25 years ago today stock markets around the world crashed. Investors were shocked and billions of dollars wiped out.The crash actually started in Hong Kong and spread to Europe and then the United States and Canada. The Dow Jones dropped 508 points to 1738.74 losing 22.6%. It was called Black Monday and many investors, analysts and economists feared it was a repeat fo the crash of 1929. Indeed 33 eminent economists from around the world met in Washington DC in December 1987 and they predicted that the years to follow Black monday would be the worst since the 1930’s.
They were of course, wrong. Even with the crash of Black Monday the Dow ended 1987 on a positive note. It had started the year 1,897 and end 1987 at 1,939. It took two years for the Dow to regain the closing high of August 25, 1987 of 2,722 points.
The gentleman who had mentored me in the early 1970’s had passed away two years earlier. My mentor had steered me through the 1974 market crash by advising me to create a list of 10 large cap dividend paying stocks that I would love to own at very low prices. He said I should keep this and update it every 6 months. In 1974 I was a young investor and was shocked at the collapse of 50% in market valuations. To my surprise though, my mentor was delighted. He kept telling me that “firesales are the most fun to attend”. He then advised me to start buying some stocks and I remember we spent quite a few sessions reviewing my list and buying stocks. I thought I must be an idiot to be buying stocks when the world seemed to be falling apart. The oil embargo had us lining up to buy gasoline. Oil went through the roof as it rose to over $30 a barrel. Then there were all the rumblings of Nixon and the bombings of North Vietnam. The world seemed pretty desperate in my books. I questioned the sanity of my mentor but in the end he was right and I was wrong.
The world didn’t end and the stocks I bought doubled my portfolio. Before my mentor passed on he told me there would always be crashes of stocks. He had survived the crash of 1929 and had invested heavily in the 1930’s. He told me the problem with crashes is they are highly contagious. “Investors are always afraid”, he told. He advised me to keep my list of “firesale” companies and to review them every 6 months. Remove any I did not want and add new ones. He also is the one who taught me to keep cash always at the ready. “Hold back 30%” is what he had told me. “Keep it completely liquid and don’t worry about what you might not earn on it”, he had repeated. It was because it has never mattered what percent of return I get for my cash when it is not in use. When it is in use the returns are so high it really has never mattered whether I earn 2% or 5% on the cash sitting in a money market or t-bill account.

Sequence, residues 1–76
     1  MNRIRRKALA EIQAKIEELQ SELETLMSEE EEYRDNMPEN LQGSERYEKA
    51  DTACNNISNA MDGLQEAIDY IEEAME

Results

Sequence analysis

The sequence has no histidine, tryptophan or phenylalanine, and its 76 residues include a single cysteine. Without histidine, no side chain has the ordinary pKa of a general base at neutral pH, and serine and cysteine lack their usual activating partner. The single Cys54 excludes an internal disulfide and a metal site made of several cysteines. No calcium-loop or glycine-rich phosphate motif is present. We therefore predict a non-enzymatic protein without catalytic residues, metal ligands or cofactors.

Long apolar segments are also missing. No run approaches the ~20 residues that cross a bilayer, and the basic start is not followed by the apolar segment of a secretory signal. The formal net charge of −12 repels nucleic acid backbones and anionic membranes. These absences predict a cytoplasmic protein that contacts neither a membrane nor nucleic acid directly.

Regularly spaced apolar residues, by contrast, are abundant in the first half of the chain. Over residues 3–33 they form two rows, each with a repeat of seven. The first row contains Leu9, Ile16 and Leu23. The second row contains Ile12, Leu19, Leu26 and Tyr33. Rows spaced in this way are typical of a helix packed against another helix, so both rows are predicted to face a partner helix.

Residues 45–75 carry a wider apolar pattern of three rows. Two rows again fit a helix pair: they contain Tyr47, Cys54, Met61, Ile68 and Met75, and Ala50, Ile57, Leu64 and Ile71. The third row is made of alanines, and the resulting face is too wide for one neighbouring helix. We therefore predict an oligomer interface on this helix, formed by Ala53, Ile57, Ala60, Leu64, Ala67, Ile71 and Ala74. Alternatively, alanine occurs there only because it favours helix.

His advice has paid off handsomely in 1987, 1997, 1998, 2001, 2002-03, 2008-09 and the flash crash of 2010 and the summer of 2011.
Over the past few days I have read dozens of doom and gloom articles which does not help investors at all. It’s easy to be bearish and write “scary” predictions. Remember that when an analyst predicts a collapse of stock markets he will someday be right, but if you have your list of companies that you would love to own at firesale prices always at the ready, you will be unafraid to step in amid the panic and buy excellent companies at rock bottom prices.